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Napa Valley College Upper Valley Campus, St. Helena

The entrance to the Napa Valley College Upper Valley Campus on College Avenue in St. Helena.

St. Helena’s smoke-damaged and dilapidated City Hall might be abandoned for good.

City councilmembers want to open negotiations with Napa Valley College to lease part of the Upper Valley Campus to serve as a City Hall, instead of continuing to pour money into the old City Hall building on Main Street.

“I don’t want to see us go back into the City Hall at all,” Mayor Geoff Ellsworth said during a special meeting on Monday, adding that he’s “very much in favor” of negotiating a move to the college.

After a brief public meeting, the council adjourned to closed session to discuss potential lease terms for the campus, which is on College Avenue near the Pope Street Bridge.

The council unanimously agreed not to spend any more money on the old City Hall. Councilmember Mary Koberstein said moving to the Upper Valley Campus would help the city consolidate staff in a single location and leave the city with a clear financial obligation, in contrast to the unpredictable and expensive problems that keep cropping up at City Hall.

Vice Mayor Paul Dohring cautioned the council not to discuss potential lease terms in public, but City Manager Mark Prestwich said last week that he envisioned a three- to five-year lease affecting only the main campus building, not the separate kitchen and its associated classroom used by the Napa Valley Cooking School.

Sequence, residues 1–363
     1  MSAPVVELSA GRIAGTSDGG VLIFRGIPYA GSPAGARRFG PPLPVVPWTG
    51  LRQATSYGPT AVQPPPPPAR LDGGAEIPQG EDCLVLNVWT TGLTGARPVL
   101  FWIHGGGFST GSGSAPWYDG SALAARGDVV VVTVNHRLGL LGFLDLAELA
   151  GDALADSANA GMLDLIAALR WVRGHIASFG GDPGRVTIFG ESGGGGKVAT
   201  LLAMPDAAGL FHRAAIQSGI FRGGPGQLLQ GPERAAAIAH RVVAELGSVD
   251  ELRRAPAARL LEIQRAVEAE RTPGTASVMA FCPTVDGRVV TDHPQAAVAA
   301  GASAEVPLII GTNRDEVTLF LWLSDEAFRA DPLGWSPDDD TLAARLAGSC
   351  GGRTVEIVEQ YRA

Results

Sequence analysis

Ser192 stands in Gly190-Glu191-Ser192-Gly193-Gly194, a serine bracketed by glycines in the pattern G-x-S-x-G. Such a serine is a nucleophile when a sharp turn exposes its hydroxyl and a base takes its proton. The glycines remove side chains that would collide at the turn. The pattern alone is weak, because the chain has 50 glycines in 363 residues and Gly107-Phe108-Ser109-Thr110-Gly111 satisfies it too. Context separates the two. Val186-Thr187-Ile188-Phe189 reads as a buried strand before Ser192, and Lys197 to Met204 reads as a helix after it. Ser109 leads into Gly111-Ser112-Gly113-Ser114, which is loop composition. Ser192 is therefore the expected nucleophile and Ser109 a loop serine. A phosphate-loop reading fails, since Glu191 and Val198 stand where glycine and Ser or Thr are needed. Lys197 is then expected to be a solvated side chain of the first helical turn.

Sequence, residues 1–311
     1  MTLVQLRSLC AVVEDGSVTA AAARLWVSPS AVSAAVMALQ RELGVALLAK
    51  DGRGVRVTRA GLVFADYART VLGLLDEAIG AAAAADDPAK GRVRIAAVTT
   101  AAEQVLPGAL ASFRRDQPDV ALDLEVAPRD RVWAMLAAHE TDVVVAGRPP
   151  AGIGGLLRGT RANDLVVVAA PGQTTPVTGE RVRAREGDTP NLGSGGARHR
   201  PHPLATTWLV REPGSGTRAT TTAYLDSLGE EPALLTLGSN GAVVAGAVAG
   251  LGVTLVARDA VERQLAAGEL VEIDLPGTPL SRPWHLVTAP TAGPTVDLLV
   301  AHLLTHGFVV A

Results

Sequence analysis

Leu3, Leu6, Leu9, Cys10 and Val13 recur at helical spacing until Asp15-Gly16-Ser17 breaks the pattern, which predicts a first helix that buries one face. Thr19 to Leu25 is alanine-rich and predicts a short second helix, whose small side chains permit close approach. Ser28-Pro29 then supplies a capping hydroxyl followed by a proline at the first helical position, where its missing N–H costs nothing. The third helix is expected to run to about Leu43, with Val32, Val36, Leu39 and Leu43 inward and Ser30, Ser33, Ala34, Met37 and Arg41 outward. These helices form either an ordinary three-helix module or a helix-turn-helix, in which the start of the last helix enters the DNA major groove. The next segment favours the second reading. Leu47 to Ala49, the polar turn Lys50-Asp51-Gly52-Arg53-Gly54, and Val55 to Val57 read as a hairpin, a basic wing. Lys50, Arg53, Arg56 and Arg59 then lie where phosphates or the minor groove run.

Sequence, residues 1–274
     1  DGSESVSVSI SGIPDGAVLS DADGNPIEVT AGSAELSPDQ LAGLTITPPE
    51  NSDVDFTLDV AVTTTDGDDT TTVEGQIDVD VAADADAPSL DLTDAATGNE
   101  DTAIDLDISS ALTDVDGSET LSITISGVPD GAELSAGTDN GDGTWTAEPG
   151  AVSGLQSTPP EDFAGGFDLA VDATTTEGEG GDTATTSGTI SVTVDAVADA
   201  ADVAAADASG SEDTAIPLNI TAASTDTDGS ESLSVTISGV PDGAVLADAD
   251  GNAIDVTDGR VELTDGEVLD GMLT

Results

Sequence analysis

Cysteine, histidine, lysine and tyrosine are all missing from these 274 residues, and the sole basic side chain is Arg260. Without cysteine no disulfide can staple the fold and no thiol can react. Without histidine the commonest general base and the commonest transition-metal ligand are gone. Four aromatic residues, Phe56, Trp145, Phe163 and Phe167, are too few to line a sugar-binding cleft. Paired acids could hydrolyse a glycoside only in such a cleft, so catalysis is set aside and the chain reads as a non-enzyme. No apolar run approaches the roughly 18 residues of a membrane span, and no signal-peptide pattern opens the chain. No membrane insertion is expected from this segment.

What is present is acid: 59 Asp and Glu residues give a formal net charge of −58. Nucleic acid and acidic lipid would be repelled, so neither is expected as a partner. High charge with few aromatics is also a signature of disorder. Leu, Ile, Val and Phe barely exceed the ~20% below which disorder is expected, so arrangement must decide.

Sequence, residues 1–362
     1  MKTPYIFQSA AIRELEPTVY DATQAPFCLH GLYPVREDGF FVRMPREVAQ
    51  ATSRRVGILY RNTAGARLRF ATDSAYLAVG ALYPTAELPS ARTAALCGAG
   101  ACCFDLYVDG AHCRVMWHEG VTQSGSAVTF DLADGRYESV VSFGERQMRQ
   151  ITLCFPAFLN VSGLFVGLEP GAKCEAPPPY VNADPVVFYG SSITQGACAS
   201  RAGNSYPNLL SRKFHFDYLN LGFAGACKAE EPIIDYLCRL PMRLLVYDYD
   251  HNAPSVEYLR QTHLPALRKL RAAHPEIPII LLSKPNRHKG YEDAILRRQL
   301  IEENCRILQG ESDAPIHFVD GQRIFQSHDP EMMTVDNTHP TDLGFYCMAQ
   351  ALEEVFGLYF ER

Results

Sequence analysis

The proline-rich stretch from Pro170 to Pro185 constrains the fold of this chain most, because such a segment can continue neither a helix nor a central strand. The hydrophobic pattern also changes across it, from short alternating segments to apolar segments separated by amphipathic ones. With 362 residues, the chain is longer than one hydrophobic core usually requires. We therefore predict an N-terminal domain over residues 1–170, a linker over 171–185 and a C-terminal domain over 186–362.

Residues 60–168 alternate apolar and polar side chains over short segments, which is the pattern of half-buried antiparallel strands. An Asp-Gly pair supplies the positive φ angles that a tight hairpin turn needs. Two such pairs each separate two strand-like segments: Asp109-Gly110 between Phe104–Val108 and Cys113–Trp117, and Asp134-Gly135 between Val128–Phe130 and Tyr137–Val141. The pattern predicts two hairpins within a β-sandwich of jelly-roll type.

Dohring noted that the council’s draft decision-making criteria includes principles like risk reduction, cost containment, and minimizing the time to achieve outcomes.

“When we analyze it from that perspective, we win on these issues,” he said. “But everything’s subject to negotiation, so let’s see where it goes.”

A short-term lease would give the city time to plan and build a permanent City Hall, estimated to cost between $12 million and $20 million. But a few members of the public encouraged the council to keep City Hall at the campus permanently.

Buying the campus – or at least securing a 50-year lease – would open up the city’s options for the current City Hall site, the Railroad Avenue buildings, and the Adams Street property, which has been proposed as a possible site for a permanent City Hall, St. Helena resident Anthony Micheli said.

“You could do everything you want at that college site,” Micheli said. “You have unlimited parking, you could move all the departments there, save a bundle of money for the city … and leave Adams Street alone for this community.”

A sewer overflow forced the closure of City Hall last February, and a Dec. 18 heater malfunction caused so much smoke damage that the building is still uninhabitable. Prestwich said it would cost about $40,000 to make the building operational and safe for staff to move back in.

The city has already spent about $200,000 in the last four years to replace three HVAC units, replace carpets, repair a breaker box, and replace damaged flooring.

The damage from the latest incident did not extend to the police side of the building, but Ellsworth said he’d like to find alternatives for the police department as soon as possible “so that there’s no temptation to move back in.”

Prestwich advised the council to “push pause” on whether to invest about $60,000 into the Public Works administration building at 1572 Railroad Ave., which is serving as a temporary City Hall and housing the city’s Finance and Planning & Building departments.

Depending on how the negotiations with the college play out, the city’s Railroad Avenue buildings could provide a revenue source to offset the cost of leasing the college.

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You can reach Jesse Duarte at 967-6803 or jduarte@sthelenastar.com.

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